YOUR INVESTMENTS: Is the middle road paved with gold?

We know what happens to people who stay in the middle of the road. They get run over. –Ambrose Bierce

By AARON KATSMAN
October 18, 2018 21:27
3 minute read.
Israeli stock market traders work at their office in the Meitav investment house in Tel Aviv

Israeli stock market traders work at their office in the Meitav investment house in Tel Aviv. (photo credit: AFP PHOTO)

In today’s day and age being in the middle isn’t necessarily something to be considered a value. With extremism ruling political discourse and cultural norms it just seems like on multiple levels society has become more polarized.

Maimonides (Hilchot De’ot 1:3-4) comments on the best way that mankind should behave: “The two extremes of each trait, which are at a distance from one another, do not reflect a proper path. It is not fitting that a man should behave in accordance with these extremes or teach them to himself. If he finds that his nature leans towards one of the extremes or adapts itself easily to it, or, if he has learned one of the extremes and acts accordingly, he should bring himself back to what is proper and walk in the path of the good [men]. This is the straight path.”

He continues, “The straight path: This [involves discovering] the midpoint temperament of each and every trait that man possesses [within his personality.]

This refers to the trait which is equidistant from either of the extremes, without being close to either of them. Therefore, the early Sages instructed a man to evaluate his traits, to calculate them and to direct them along the middle path, so that he will be sound [of body].”

While that might be great advice for how one should conduct themselves the question is what does this have to do with investing? The answer is that the one asset class is often forgotten as part of an investment portfolio is mid-cap stocks. These stocks tend to fall between the cracks. Most investors focus on well-known household names, which tend to be the largest companies in the world-known as large caps and small caps known for their high growth potential.
 
Jon K. Christensen, CFA, portfolio manager, and senior research analyst at KAR writes, “The lines between market-cap categories can be blurry, leading many investors to believe that owning both large and small stocks provides sufficient exposure across the market-cap spectrum. In fact, data point to a clear underrepresentation of the asset class. Mid caps make up about 26% of the overall equity market, according to a breakdown of the Russell indexes, but actual investments into the asset class only account for about 13% of all invested assets, as represented by Morningstar asset flows.”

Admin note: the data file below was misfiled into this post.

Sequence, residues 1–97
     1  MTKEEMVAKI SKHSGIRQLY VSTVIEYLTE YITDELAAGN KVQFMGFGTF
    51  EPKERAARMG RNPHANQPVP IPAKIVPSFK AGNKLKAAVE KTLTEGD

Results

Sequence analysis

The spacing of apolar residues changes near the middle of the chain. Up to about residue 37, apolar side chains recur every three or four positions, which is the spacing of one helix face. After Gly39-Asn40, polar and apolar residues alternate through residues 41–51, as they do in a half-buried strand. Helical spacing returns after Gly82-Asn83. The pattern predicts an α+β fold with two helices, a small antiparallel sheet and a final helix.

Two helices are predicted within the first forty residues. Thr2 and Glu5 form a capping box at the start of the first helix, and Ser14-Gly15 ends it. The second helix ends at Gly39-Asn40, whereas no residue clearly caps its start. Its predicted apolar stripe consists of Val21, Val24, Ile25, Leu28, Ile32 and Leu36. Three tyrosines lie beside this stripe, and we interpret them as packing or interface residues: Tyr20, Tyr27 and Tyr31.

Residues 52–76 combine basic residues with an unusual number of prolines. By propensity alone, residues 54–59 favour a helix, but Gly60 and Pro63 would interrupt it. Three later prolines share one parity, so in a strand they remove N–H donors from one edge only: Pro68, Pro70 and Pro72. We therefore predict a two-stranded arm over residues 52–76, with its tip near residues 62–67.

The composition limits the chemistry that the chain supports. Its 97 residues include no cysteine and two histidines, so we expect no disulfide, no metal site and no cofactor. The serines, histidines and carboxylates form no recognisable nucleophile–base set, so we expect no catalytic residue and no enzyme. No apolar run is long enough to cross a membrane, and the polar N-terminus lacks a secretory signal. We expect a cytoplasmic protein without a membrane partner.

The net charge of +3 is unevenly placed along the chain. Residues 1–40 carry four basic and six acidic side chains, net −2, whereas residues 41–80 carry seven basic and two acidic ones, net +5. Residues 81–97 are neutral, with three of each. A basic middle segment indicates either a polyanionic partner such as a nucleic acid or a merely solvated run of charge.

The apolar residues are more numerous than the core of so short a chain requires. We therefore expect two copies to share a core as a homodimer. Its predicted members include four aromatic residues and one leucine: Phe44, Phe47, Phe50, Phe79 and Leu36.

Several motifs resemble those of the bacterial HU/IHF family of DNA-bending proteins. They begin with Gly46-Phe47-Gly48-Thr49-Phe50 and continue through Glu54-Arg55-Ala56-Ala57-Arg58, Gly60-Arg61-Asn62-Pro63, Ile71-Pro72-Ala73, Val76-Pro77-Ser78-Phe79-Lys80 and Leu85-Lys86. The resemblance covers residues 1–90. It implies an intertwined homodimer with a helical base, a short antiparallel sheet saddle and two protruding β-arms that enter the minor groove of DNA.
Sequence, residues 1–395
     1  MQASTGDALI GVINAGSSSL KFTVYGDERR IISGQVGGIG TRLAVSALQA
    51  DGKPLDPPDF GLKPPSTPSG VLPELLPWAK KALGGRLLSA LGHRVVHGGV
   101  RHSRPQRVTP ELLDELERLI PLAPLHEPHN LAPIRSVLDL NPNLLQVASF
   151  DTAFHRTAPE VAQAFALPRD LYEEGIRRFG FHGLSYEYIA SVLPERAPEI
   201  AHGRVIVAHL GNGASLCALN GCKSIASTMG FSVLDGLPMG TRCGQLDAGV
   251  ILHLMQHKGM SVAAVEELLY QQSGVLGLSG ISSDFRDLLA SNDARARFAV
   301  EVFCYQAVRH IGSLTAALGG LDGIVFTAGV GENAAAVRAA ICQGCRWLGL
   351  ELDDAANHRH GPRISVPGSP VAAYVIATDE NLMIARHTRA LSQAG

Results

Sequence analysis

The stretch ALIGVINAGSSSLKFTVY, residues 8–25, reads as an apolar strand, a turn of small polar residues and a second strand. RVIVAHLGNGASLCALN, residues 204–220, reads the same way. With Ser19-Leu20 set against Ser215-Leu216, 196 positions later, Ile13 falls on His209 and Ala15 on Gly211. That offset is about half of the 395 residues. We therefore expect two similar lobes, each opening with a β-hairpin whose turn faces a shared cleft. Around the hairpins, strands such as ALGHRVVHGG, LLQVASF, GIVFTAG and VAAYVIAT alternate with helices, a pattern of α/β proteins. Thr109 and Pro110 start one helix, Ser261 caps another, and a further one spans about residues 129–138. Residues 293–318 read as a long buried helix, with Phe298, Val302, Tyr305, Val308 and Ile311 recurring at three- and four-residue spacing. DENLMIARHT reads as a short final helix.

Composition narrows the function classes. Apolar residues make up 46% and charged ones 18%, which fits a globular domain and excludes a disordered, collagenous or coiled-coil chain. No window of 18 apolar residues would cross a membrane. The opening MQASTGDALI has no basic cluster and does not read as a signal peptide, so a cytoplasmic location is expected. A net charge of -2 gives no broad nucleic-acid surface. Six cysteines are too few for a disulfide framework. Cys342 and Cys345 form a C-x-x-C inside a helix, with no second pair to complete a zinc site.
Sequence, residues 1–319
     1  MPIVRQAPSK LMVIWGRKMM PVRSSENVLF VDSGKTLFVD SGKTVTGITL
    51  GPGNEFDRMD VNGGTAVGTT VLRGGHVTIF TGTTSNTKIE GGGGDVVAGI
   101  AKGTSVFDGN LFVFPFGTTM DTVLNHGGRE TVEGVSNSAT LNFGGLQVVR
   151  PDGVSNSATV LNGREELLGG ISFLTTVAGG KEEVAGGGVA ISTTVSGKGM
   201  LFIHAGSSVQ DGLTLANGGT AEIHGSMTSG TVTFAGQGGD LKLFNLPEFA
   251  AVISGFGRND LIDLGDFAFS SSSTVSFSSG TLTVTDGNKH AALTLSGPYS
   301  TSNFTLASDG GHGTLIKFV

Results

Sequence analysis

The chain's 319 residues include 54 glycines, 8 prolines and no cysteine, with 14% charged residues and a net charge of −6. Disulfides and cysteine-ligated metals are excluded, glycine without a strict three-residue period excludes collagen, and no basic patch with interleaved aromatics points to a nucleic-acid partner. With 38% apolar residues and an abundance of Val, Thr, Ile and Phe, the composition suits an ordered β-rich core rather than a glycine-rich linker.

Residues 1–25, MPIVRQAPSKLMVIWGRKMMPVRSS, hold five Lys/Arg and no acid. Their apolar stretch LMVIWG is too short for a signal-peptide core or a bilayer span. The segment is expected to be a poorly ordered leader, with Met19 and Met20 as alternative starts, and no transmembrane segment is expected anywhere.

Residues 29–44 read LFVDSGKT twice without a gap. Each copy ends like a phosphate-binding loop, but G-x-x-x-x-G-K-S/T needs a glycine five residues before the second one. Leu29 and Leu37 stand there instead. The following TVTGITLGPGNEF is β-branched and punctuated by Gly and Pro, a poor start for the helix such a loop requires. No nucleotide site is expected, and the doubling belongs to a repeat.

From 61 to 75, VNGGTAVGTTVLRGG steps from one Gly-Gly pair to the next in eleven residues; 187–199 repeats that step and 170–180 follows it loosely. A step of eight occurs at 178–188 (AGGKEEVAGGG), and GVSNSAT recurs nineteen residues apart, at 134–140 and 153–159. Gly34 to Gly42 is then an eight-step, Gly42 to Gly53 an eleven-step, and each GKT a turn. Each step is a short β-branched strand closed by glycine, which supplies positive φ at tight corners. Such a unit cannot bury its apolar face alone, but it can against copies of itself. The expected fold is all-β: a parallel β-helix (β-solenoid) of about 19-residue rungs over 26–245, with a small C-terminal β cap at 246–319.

This lack of investor attention has been unfortunate, as mid-cap stocks tend to boost return and lower risk. Investors tend to gravitate to large companies because they pay dividends and are well-established. The problem with them is that they have much slower growth rates.

Small companies have the potential for huge growth but are more roller coaster like with higher volatility. In many ways mid-sized companies provide the best of both worlds. They provide relatively high growth rates, but are mature enough to have greater stability.

While past performance is no indication of future returns, over the last 20 years mid-cap stocks have trounced their small and large-cap rivals.

Matthew J. Bartolini, CFA, head of SPDR Americas Research writes, “That since 1997 in months where the S&P 500 Index posted a positive return, mid caps outperformed large caps 64% of the time and small caps 51% of time. Conversely, in months where the S&P 500 declined, mid caps outperformed small caps 57% of the time. This highlights mid caps’ ability to generate higher absolute returns while potentially reducing downside risk relative to small caps.”

Especially now in times of wild market swings, it may pay to speak with your financial adviser and discuss adding mid-cap stocks to your investment portfolio.

To repeat: just because mid-caps have outperformed in the past doesn’t mean anything about their future returns. Nonetheless, in many ways you will get the best of both worlds. The potential for higher returns and lower risk, which is after all, what most investors want.

The information in this article reflects the opinion of the author and not necessarily the opinion of Portfolio Resources Group, Inc. or its affiliates. The writer is author of the book Retirement GPS: How to Navigate Your Way to A Secure Financial Future with Global Investing (McGraw-Hill), and is a licensed financial professional both in the United States and Israel. For more information, call (02) 624-0995, visit www.aaronkatsman.com or email aaron@lighthousecapital.co.il.


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